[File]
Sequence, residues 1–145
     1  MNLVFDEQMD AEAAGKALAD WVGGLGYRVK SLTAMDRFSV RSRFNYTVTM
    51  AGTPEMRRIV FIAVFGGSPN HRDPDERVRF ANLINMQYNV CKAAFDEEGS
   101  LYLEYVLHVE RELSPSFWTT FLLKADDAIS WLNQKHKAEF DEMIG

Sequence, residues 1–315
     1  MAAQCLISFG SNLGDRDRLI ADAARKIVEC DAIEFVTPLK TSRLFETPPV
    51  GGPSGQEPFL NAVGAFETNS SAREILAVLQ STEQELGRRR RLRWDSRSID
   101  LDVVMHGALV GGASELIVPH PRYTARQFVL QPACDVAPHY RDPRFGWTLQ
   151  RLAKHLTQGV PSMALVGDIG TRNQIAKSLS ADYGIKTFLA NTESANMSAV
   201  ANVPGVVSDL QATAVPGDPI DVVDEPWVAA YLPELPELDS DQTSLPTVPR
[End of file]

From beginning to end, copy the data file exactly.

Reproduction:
Sequence, residues 1–145
     1  MNLVFDEQMD AEAAGKALAD WVGGLGYRVK SLTAMDRFSV RSRFNYTVTM
    51  AGTPEMRRIV FIAVFGGSPN HRDPDERVRF ANLINMQYNV CKAAFDEEGS
   101  LYLEYVLHVE RELSPSFWTT FLLKADDAIS WLNQKHKAEF DEMIG

Sequence, residues 1–315
     1  MAAQCLISFG SNLGDRDRLI ADAARKIVEC DAIEFVTPLK TSRLFETPPV
    51  GGPSGQEPFL NAVGAFETNS SAREILAVLQ STEQELGRRR RLRWDSRSID
   101  LDVVMHGALV GGASELIVPH PRYTARQFVL QPACDVAPHY RDPRFGWTLQ
   151  RLAKHLTQGV PSMALVGDIG TRNQIAKSLS ADYGIKTFLA NTESANMSAV
   201  ANVPGVVSDL QATAVPGDPI DVVDEPWVAA YLPELPELDS DQTSLPTVPR